The historical impact of anthropogenic air-borne sulphur on the Pleistocene rock art of Sulawesi

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Michael Gagan, Halmar Halide, Raden Permana, Rustan Lebe, Gavin Dunbar, Alena K Kimbrough, Heather Scott-Gagan, Dan Zwartz, Wahyoe Hantoro


The Maros-Pangkep karst in southwest Sulawesi, Indonesia, contains some of the world’s oldest rock art. However, the Pleistocene images survive only as weathered patches of pigment on exfoliated limestone surfaces. Salt efflorescence underneath the case-hardened limestone substrate causes spall-flaking, and it has been proposed that the loss of artwork has accelerated over recent decades. Here, we utilise historical photographs and superposition constraints to show that the bulk of the damage was present before 1950 CE, and describe the role of anthropogenic sulphur emissions in promoting gypsum-salt efflorescence and rock art decay. The rock art shelters have been exposed to domestic fire-use and intensive rice cultivation with post-harvest burning of straw for hundreds (if not thousands) of years, both of which release chemically reactive sulphur oxides for gypsum formation, with cumulative effects. Analysis of time-lapse photography indicates that the rate of rock art loss may be on the decline, consistent with the history of fire-use in southwest Sulawesi. At present, vandalism and sulphur emissions from diesel-powered traffic and cement-based infrastructure development constitute localised threats. Our findings indicate that there are grounds for being cautiously optimistic that targeted conservation measures will ensure the longevity of some of our oldest artistic treasures.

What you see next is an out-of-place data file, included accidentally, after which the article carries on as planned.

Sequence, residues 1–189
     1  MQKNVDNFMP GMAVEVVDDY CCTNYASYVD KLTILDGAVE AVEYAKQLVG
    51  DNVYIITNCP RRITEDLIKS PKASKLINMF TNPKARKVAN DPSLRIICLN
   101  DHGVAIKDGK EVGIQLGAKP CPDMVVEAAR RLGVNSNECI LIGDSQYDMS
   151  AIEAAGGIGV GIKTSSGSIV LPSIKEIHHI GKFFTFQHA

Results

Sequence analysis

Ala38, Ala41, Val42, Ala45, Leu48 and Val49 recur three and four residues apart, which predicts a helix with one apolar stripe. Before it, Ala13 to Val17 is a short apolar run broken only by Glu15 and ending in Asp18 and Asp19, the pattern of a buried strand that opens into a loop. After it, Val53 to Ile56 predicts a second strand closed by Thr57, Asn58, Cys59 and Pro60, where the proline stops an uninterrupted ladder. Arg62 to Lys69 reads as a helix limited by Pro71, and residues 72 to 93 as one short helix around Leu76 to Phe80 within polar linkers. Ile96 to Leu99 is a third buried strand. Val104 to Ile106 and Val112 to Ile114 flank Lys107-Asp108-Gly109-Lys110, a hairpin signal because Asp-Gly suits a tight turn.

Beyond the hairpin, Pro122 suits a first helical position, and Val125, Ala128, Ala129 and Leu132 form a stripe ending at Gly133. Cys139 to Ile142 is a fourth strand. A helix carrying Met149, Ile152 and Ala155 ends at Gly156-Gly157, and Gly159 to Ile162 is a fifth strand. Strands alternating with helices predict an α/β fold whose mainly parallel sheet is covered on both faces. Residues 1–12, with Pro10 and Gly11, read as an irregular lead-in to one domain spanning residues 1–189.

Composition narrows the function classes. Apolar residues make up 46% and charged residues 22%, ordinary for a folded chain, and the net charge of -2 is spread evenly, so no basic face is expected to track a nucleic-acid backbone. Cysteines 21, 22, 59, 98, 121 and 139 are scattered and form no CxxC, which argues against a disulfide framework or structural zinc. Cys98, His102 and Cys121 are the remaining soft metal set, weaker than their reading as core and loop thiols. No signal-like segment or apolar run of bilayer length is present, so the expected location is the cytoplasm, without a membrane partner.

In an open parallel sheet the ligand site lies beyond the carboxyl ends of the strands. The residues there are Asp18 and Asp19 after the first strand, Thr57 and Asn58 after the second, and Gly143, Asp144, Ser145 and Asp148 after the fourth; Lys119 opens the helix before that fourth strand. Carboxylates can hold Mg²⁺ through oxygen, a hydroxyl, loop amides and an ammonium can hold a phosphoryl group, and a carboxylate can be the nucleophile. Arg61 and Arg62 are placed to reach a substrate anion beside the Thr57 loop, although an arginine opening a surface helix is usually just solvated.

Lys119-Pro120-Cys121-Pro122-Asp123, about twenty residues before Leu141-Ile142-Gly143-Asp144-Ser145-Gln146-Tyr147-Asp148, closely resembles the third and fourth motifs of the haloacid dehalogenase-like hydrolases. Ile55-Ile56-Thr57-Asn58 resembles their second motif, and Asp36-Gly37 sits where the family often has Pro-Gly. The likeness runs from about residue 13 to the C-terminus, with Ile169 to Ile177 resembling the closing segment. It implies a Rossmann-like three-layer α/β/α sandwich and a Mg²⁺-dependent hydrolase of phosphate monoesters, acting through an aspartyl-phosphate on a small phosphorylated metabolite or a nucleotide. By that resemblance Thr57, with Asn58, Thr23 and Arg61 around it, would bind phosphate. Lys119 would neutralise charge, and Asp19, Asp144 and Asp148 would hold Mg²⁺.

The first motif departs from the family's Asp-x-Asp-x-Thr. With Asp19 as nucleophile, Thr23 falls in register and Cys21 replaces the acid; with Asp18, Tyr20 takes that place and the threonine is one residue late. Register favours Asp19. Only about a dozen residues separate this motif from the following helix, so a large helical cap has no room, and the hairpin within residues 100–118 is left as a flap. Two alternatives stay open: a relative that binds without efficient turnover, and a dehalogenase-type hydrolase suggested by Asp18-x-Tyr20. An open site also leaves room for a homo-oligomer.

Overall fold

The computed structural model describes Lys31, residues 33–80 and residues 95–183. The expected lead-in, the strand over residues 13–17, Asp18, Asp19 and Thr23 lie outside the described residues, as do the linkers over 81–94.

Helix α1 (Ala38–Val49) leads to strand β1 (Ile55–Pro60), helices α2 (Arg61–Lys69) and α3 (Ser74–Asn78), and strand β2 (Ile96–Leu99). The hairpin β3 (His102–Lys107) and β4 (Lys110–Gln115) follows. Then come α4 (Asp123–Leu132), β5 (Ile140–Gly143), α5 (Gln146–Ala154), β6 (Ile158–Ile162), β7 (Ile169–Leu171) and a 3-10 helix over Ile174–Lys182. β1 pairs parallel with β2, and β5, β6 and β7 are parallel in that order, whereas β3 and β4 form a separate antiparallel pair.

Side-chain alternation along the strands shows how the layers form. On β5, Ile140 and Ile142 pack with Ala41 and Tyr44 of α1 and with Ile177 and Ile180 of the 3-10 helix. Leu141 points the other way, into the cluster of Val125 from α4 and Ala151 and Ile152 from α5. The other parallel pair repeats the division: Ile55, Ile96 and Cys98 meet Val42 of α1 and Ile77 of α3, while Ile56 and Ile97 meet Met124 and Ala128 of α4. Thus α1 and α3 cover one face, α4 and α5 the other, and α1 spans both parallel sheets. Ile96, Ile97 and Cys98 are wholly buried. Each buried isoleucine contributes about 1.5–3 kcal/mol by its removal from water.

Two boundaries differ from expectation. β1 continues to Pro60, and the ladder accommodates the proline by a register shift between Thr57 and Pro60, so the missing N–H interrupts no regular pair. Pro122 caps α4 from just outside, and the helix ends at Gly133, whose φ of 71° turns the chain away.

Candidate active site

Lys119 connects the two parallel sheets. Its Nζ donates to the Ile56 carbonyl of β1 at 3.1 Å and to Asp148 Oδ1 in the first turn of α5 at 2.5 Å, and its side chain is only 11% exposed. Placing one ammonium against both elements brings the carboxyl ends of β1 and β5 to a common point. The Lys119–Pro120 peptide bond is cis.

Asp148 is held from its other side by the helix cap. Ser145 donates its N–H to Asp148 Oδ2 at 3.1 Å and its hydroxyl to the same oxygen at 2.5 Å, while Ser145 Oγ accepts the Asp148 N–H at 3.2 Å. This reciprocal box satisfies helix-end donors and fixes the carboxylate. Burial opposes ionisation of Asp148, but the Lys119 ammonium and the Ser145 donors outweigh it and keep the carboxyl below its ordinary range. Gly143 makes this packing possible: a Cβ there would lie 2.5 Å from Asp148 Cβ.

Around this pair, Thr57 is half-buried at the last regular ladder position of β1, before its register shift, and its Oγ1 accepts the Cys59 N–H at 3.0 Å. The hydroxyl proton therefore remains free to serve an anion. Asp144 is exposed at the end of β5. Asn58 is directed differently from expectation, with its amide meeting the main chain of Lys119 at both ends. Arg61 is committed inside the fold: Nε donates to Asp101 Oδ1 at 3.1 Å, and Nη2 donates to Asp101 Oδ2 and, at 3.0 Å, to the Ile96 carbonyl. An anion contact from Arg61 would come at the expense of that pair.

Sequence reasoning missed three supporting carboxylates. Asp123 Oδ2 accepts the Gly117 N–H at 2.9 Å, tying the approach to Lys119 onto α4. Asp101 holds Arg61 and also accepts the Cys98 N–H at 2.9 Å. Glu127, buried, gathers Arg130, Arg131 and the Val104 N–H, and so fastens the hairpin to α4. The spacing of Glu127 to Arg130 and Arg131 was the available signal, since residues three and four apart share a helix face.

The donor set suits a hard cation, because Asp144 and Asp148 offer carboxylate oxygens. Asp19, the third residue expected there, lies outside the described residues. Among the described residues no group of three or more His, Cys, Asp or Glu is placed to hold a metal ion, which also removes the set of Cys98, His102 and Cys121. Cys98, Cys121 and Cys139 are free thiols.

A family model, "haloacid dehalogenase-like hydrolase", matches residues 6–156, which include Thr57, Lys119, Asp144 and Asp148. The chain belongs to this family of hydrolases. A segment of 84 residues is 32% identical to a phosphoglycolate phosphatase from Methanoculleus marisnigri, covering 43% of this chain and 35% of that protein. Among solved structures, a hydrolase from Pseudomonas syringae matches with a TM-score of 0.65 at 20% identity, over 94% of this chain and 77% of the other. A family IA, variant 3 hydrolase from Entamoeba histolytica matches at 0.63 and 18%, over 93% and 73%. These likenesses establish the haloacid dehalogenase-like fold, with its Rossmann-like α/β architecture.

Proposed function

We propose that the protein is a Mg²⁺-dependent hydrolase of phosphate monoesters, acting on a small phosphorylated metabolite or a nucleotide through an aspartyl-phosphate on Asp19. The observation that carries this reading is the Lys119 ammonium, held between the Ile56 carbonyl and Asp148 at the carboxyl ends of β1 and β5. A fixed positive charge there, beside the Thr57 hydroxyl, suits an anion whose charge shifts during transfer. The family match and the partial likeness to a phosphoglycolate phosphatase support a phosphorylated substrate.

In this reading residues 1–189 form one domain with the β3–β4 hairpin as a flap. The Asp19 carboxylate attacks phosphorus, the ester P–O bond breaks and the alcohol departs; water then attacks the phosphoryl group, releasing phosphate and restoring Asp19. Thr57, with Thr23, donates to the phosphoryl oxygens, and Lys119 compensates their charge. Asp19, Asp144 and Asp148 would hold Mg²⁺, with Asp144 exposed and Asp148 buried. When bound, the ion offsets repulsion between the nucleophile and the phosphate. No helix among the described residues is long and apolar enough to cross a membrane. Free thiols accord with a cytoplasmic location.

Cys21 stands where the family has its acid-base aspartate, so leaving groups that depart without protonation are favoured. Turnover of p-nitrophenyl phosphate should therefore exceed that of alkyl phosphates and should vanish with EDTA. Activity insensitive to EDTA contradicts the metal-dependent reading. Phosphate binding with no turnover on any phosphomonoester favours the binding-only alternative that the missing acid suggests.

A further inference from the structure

Earth Sciences, Environmental Indicators and Impact Assessment, Environmental Sciences, Geochemistry, Natural Resources and Conservation


Sulawesi, rock art, degradation, sulphur emissions, gypsum efflorescence


Published: 2022-05-31 16:48

Last Updated: 2022-05-31 23:48


CC BY Attribution 4.0 International

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Essential data are available in the preprint